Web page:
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Unix+clones

Running A MySQL-Based DNS Server: MyDNS

Post date: January 23, 2006, 15:01 Category: Network Views: 3608 Comments
Tutorial quote: In this tutorial I will describe how to install and configure MyDNS, a DNS server that uses a MySQL database as backend instead of configuration files like, for example, Bind or djbdns. This has the advantage that you can easily use web-based frontends to administrate your DNS records. You could even write your own frontend, e.g. using PHP, to interact with the MyDNS database. MyDNS simply reads the records from the database, and it does not have to be restarted/reloaded when DNS records change or zones are created/edited/deleted! This is a major advantage.
Debian

Setting Up Unison File Synchronization Between Two Servers On Debian Squeeze

Post date: August 9, 2011, 08:08 Category: Installing Views: 1980 Comments
Tutorial quote: This tutorial shows how to set up file synchronization between two Debian Squeeze servers with Unison. Unison is a file-synchronization tool similar to rsync, but the big difference is that it tracks/synchronizes changes in both directions, i.e., files changed on server1 will be replicated to server2 and vice versa.
Solaris

Configuring the Behavior of the Solaris IP Filter Firewall

Post date: April 20, 2007, 18:04 Category: Network Views: 9114 Comments
Tutorial quote: When defining packet filtering rules in the /etc/ipf/ipf.conf file, it is necessary to understand how the Solaris IP Filter firewall reads this file and compares any packet against the rules in the file.
Ubuntu

Back In Time – A Simple backup tool for ubuntu

Post date: July 15, 2009, 21:07 Category: Software Views: 4612 Comments
Tutorial quote: Back In Time is a simple backup tool for Linux inspired from “flyback project” and “TimeVault”.The backup is done by taking snapshots of a specified set of directories.Keep in mind that Back In Time is just a GUI. The real magic is done by rsync (take snapshots and restore), diff (check if somethind changed) and cp (make hardlinks).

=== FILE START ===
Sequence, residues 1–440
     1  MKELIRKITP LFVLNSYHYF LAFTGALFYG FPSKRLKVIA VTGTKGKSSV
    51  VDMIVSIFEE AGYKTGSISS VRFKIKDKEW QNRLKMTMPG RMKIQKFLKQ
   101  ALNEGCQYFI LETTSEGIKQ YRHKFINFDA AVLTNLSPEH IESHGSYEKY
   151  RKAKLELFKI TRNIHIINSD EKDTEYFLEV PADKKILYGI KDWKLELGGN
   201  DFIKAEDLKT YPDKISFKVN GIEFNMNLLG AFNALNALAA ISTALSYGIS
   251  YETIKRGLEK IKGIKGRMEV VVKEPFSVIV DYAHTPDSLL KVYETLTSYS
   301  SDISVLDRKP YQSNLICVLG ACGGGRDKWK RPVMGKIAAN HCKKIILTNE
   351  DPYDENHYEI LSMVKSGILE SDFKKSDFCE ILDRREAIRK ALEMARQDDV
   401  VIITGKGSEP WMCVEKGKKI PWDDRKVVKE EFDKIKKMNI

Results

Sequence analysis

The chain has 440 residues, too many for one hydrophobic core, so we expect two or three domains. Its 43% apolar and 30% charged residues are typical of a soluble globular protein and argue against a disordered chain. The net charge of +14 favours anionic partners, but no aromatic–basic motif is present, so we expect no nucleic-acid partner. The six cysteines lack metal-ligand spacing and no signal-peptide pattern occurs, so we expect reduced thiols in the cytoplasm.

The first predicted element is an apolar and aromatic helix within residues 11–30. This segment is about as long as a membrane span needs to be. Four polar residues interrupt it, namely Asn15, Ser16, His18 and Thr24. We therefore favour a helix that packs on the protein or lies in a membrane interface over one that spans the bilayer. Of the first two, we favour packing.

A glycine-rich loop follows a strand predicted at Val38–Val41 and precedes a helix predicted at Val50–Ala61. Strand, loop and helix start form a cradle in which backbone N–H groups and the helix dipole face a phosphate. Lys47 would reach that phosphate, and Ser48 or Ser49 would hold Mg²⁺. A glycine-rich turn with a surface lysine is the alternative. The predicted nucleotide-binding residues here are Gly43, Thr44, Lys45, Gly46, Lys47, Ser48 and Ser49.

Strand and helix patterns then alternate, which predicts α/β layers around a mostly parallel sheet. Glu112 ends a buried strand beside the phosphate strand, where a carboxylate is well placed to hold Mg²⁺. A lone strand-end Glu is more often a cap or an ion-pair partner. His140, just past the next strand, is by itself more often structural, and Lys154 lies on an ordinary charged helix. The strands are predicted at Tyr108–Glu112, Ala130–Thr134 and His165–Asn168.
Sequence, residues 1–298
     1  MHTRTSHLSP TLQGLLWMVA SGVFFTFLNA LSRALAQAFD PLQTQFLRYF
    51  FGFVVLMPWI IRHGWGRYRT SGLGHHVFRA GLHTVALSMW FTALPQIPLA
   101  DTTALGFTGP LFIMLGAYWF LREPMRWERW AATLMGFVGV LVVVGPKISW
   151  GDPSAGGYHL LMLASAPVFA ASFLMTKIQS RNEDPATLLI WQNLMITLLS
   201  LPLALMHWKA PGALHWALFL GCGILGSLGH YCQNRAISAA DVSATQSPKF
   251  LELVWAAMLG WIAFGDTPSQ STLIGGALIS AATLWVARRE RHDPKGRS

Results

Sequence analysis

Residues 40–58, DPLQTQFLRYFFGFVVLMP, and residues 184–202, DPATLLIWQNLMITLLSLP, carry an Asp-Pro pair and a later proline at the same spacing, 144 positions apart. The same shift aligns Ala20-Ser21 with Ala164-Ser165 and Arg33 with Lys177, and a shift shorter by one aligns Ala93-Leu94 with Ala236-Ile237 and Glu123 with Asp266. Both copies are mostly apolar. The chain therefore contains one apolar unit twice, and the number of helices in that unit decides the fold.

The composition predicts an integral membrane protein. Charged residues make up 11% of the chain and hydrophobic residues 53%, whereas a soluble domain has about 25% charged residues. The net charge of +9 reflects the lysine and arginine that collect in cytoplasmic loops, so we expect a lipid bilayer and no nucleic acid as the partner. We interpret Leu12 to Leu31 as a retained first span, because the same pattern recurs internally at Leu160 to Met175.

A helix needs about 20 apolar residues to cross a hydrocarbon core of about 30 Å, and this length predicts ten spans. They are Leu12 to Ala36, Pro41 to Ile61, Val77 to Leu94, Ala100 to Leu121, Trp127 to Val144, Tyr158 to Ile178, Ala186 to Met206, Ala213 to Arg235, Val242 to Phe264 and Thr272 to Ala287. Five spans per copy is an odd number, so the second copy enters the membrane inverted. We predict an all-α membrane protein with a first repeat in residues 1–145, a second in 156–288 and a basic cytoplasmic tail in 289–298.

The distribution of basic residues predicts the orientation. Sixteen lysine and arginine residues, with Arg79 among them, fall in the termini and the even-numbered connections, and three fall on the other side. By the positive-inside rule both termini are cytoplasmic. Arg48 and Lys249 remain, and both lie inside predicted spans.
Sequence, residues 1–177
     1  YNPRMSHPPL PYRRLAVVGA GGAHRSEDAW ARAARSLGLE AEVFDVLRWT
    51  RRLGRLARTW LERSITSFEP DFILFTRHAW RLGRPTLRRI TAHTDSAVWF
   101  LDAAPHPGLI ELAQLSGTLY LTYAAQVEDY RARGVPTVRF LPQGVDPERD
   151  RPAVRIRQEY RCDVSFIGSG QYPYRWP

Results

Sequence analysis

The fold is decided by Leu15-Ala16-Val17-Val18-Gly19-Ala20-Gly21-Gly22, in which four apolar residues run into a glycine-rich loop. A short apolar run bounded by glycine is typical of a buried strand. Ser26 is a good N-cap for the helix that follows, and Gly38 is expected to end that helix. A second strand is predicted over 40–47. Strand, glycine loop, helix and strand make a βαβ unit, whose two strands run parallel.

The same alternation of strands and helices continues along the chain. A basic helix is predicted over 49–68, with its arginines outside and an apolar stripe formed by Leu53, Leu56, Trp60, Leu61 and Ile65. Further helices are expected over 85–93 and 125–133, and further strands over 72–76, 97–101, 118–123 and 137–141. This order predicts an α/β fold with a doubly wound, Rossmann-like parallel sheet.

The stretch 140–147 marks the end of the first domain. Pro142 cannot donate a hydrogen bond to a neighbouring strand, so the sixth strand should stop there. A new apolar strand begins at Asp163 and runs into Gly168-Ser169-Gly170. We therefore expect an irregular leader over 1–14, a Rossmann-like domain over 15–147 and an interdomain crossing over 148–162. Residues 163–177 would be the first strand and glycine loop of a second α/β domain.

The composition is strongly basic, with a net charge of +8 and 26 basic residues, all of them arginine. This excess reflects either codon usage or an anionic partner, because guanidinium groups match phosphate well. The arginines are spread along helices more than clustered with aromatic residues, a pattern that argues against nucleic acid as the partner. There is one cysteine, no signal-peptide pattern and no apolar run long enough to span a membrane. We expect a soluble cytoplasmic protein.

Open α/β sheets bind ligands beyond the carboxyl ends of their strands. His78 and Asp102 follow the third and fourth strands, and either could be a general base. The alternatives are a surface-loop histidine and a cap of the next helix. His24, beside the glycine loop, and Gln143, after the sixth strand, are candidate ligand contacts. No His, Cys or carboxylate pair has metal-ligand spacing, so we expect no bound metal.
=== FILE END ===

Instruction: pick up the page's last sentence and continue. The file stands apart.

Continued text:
Fedora

Installing MyDNS And The MyDNSConfig Control Panel On Fedora 8

Post date: December 9, 2007, 12:12 Category: Installing Views: 3255 Comments
Tutorial quote: In this tutorial I will describe how to install and configure MyDNS and MyDNSConfig on Fedora 8. MyDNS is a DNS server that uses a MySQL database as backend instead of configuration files like, for example, Bind or djbdns. The advantage is that MyDNS simply reads the records from the database, and it does not have to be restarted/reloaded when DNS records change or zones are created/edited/deleted. A secondary nameserver can be easily set up by installing a second instance of MyDNS that accesses the same database or, to be more redundant, uses the MySQL master / slave replication features to replicate the data to the secondary nameserver.
Debian

Installing MyDNS-NG & MyDNSConfig On Debian Squeeze

Post date: January 20, 2011, 12:01 Category: Installing Views: 2068 Comments
Tutorial quote: This tutorial will describe how to install and configure MyDNS-NG and MyDNSConfig 3 on Debian Squeeze. MyDNS-NG is a DNS server that uses a MySQL database as backend instead of configuration files. The advantage is that MyDNS simply reads the records from the database, and it does not have to be restarted/reloaded when DNS records change or zones are created/edited/deleted. A secondary nameserver can be easily set up by installing a second instance of MyDNS that accesses the same database or, to be more redundant, uses the MySQL master / slave replication features to replicate the data to the secondary nameserver.